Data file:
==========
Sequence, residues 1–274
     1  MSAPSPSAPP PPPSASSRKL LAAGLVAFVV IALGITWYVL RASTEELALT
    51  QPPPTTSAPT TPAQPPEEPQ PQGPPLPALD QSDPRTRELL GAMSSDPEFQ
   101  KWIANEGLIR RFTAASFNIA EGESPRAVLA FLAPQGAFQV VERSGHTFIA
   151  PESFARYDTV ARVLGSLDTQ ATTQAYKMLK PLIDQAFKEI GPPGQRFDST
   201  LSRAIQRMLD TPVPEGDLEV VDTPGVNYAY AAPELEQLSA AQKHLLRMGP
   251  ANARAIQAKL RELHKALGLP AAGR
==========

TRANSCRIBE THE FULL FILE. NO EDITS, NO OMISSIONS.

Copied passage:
Sequence, residues 1–274
     1  MSAPSPSAPP PPPSASSRKL LAAGLVAFVV IALGITWYVL RASTEELALT
    51  QPPPTTSAPT TPAQPPEEPQ PQGPPLPALD QSDPRTRELL GAMSSDPEFQ
   101  KWIANEGLIR RFTAASFNIA EGESPRAVLA FLAPQGAFQV VERSGHTFIA
   151  PESFARYDTV ARVLGSLDTQ ATTQAYKMLK PLIDQAFKEI GPPGQRFDST
   201  LSRAIQRMLD TPVPEGDLEV VDTPGVNYAY AAPELEQLSA AQKHLLRMGP
   251  ANARAIQAKL RELHKALGLP AAGR